To my mind that is most crucial win of this stage of the process. Making bonding expensive is unfair, but the this part of the previous rules proposal was intended to impose, continuing, impossible to sustain financial burdens on LUS that did not vaguely resemble those placed on its corporate competition. The staff has wisely backed off.


The new draft retains a previously proposed rule that requires LUS to share its billing system with competitors such as BellSouth and Cox Communications -- should the new communications division share the existing utilities' billing system.

Again that's simply unfair and we should object. Will anyone suggest that BellSouth allow LUS to advertise directly to its customer base in its bills? Would they object to BellSouth putting advertising for Cingular in those same bill and complain that such "cross-subsidization" is an unfair use of rate-payer monies. No. Of course not. And they'd be right...just as LUS would be right if it did the same.

Both articles note that LUS' bond proposal has the direct approval of the people. One would think that would have some bearing on the issue. The commissioners have yet to be heard from, and they are the elected arm of this institution.

The PSC should hear from the people, and from the local businesses it was elected to represent and protect. Too much of this process has made it seem that the PSC sees its role as protecting corporate rather than citizen and community interests.

Wednesday, August 24, 2005

"Leaks violate law; test case not expected"

Kevin Blanchard this morning had an analysis piece on the Benjamin debacle that is well worth visiting. In it he establishes that the law was certainly broken and that almost as certainly no one will ever try and enforce it.
Somebody leaked a complaint filed with the state Board of Ethics to a Times of Acadiana columnist earlier this month -- a leak that would seem to violate state ethics law.
The complaint, you will recall was poorly specified, and rapidly discredited, but Benjamin managed to squeeze the evil-sounding word "malfeasence" into the article a couple of times.
The complaint, according to the Times of Acadiana, was filed by an opponent to LUS' plan -- though the columnist, Times General Manager Eric Benjamin, who did not disclose in his article who provided him with the complaint.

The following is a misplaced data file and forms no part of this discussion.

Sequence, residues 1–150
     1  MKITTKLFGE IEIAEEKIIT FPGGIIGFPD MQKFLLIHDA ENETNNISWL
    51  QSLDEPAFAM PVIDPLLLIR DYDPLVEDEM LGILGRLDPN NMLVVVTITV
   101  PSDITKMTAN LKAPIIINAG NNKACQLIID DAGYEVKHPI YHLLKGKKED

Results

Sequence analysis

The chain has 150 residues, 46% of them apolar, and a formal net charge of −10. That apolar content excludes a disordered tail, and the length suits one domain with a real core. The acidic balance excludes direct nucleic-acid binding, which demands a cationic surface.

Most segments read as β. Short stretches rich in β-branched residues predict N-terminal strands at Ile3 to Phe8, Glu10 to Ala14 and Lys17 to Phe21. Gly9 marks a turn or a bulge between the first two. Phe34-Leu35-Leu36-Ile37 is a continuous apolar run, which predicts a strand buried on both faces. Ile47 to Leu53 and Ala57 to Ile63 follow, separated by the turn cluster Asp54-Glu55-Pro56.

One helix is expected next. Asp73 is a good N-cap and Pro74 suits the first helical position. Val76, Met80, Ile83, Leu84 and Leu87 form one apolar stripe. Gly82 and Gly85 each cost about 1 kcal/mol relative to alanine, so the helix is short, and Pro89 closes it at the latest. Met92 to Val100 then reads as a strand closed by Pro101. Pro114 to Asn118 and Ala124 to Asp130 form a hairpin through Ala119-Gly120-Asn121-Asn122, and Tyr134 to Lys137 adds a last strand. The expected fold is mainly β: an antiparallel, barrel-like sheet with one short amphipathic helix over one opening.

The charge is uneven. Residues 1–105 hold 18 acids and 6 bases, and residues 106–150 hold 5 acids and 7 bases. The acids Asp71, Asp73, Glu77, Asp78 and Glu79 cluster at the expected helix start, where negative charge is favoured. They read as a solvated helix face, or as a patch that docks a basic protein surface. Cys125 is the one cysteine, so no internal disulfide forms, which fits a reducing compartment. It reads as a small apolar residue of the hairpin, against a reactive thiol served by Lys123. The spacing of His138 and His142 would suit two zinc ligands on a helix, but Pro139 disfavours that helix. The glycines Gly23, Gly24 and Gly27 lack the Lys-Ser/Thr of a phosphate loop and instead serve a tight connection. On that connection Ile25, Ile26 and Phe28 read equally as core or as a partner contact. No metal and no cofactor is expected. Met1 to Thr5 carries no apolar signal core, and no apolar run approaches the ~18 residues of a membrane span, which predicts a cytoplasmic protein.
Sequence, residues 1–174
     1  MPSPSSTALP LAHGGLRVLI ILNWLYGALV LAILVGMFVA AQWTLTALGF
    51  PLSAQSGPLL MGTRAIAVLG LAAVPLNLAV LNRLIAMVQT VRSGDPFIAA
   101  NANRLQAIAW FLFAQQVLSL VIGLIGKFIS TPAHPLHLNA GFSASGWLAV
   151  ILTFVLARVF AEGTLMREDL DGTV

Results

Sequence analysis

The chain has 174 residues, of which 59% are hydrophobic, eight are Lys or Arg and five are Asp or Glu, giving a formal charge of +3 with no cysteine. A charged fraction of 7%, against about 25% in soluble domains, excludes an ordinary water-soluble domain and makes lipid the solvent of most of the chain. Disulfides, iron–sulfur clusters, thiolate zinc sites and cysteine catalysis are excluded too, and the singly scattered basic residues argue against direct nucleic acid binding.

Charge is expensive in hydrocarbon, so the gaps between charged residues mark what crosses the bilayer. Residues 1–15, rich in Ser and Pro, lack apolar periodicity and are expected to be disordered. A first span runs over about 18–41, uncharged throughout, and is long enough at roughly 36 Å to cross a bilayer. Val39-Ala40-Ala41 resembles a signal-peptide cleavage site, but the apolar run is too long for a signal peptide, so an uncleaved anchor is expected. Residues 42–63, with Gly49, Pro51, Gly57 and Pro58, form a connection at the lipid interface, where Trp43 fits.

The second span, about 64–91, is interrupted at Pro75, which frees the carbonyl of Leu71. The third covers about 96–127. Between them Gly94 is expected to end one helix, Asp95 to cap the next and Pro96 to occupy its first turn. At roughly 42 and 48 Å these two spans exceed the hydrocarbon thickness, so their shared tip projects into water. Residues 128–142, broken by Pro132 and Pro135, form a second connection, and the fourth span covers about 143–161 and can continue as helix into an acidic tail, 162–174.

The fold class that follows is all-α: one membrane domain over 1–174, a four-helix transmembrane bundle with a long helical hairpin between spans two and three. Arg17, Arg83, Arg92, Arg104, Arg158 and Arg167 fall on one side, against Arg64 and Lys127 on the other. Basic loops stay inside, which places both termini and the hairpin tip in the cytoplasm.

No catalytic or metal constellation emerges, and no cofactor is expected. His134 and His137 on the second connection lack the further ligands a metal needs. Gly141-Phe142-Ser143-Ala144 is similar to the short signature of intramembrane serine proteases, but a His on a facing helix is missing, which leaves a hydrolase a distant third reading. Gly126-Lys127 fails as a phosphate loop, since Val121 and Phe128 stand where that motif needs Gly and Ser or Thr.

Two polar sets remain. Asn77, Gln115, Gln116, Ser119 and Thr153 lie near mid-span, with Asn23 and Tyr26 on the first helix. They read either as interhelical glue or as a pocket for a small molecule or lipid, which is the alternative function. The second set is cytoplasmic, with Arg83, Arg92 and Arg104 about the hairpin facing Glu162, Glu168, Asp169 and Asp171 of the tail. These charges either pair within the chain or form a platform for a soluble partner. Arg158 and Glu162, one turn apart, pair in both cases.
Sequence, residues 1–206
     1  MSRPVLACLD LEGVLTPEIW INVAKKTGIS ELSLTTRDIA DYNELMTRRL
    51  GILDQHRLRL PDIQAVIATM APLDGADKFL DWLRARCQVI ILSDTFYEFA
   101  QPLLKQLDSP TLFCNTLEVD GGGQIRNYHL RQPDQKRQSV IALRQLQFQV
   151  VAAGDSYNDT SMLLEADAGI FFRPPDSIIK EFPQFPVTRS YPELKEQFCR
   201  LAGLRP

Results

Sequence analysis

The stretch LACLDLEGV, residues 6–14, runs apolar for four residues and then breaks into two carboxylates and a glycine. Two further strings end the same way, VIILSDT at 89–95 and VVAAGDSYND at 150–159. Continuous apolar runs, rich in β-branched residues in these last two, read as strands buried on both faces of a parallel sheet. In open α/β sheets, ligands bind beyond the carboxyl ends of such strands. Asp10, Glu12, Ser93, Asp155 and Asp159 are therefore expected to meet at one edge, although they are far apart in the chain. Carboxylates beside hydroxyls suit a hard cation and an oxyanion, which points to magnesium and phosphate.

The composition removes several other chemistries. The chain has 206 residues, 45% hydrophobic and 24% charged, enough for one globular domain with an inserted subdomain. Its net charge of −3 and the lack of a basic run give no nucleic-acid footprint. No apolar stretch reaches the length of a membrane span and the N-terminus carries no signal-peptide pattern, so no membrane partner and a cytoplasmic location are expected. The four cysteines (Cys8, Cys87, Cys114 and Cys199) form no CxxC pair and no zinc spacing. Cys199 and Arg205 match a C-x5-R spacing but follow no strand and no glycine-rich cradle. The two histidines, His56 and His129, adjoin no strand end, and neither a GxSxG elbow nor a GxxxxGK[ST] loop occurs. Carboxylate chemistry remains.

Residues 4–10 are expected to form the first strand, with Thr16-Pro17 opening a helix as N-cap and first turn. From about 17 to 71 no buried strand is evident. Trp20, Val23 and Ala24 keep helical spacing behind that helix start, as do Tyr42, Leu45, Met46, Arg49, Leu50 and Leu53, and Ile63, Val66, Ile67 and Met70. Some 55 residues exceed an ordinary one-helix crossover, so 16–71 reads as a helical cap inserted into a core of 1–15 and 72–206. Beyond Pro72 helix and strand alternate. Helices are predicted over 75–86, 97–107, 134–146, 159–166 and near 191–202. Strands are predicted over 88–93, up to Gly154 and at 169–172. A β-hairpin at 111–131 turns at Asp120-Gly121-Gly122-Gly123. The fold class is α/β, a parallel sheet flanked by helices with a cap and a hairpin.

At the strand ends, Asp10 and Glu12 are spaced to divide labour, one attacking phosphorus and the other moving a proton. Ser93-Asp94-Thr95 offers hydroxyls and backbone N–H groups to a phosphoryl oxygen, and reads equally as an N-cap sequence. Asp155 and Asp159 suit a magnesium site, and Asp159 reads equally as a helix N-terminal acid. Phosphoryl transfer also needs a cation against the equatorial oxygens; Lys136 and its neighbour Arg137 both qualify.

State law prohibits anyone from giving out information about an ethics complaint and investigation.

Now this is all very one seriously doubts where this article came from. It came from Neil Breakfield. Go back and read the article and see if you can honestly (not legalistically, honestly) come to any other conclusion. It is certainly the interpretation the article encourages. So are we going to get into a situation where they haul Eric Benjamin out of the office in handcuffs for refusing to name his source? Shades of the Plame Affair. That's unlikely according to Blanchard:

But if history is any guide, no action is likely to be taken against the "leaker."

Blanchard goes on to cite multiples cases where now federal Senator Vitter apparently made a practice of breaking this law while in the state legislature. (And seems not to have taken advantage of the obvious opportunity he had to rewrite that law as a legislator). Vitter was never charged. Apparently enforcing the law is not particularly being contemplated in this case either.

This does not change the raw fact that a law was broken. Here is the way the law is described:
State Revised Statute 42:1141 prohibits the board or "any other person" from making any "public statement" or acting to "give out any information" concerning an ethics investigation.
Now as far as I or anyone else in Lafayette knows, the place where that "public statement" was made was Eric Benjamin's Times of Acadiana column. He did not "report" it being said in some public venue. That would be a fair characterization if Breakfield's accusations were leveled publicly at a press conference as Vitter apparently was wont to do and Benjamin was there to take notes. But there was no public press conference. Instead, Benjamin said it. Now it can be argued that making a public statement includes whispering it in Benjamin's ear in a darkened bar. Maybe that point could be made legally. Maybe. But certainly this sort of story which involves a "reporter/commentator/manager" skirting the edges of both journalistic and legal ethics ought to be at least discussed with an editor. I know for a fact that this happened with other reporters covering the ethics issue. But it is unclear just who might supervise Benjamin in these matters. Who is responsible for editorial oversight of Eric Benjamin?

Of course what is really offensive about this state of affairs is that anyone who is scrupulously honest and follows the letter of the law is at a distinct disadvantage. And what we know for sure so far about the ethics of this ethics case is that Breakfield and Benjamin are skirting a seldom-enforced law and that the accused, Joey Durel, is not.